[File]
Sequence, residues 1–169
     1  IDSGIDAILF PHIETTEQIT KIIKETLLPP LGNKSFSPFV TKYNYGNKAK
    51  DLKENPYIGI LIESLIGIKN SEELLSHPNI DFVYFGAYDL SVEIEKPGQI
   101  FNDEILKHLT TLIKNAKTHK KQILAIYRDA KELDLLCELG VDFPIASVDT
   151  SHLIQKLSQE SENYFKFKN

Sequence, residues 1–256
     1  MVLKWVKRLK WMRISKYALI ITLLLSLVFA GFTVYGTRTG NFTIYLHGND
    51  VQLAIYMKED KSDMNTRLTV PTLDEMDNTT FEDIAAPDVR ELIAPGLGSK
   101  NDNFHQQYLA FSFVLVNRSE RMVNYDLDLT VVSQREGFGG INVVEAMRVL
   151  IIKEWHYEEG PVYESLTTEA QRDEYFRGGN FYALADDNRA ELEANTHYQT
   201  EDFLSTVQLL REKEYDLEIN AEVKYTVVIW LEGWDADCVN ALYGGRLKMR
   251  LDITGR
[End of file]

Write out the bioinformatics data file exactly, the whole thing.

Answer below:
Sequence, residues 1–169
     1  IDSGIDAILF PHIETTEQIT KIIKETLLPP LGNKSFSPFV TKYNYGNKAK
    51  DLKENPYIGI LIESLIGIKN SEELLSHPNI DFVYFGAYDL SVEIEKPGQI
   101  FNDEILKHLT TLIKNAKTHK KQILAIYRDA KELDLLCELG VDFPIASVDT
   151  SHLIQKLSQE SENYFKFKN

Sequence, residues 1–256
     1  MVLKWVKRLK WMRISKYALI ITLLLSLVFA GFTVYGTRTG NFTIYLHGND
    51  VQLAIYMKED KSDMNTRLTV PTLDEMDNTT FEDIAAPDVR ELIAPGLGSK
   101  NDNFHQQYLA FSFVLVNRSE RMVNYDLDLT VVSQREGFGG INVVEAMRVL
   151  IIKEWHYEEG PVYESLTTEA QRDEYFRGGN FYALADDNRA ELEANTHYQT
   201  EDFLSTVQLL REKEYDLEIN AEVKYTVVIW LEGWDADCVN ALYGGRLKMR
   251  LDITGR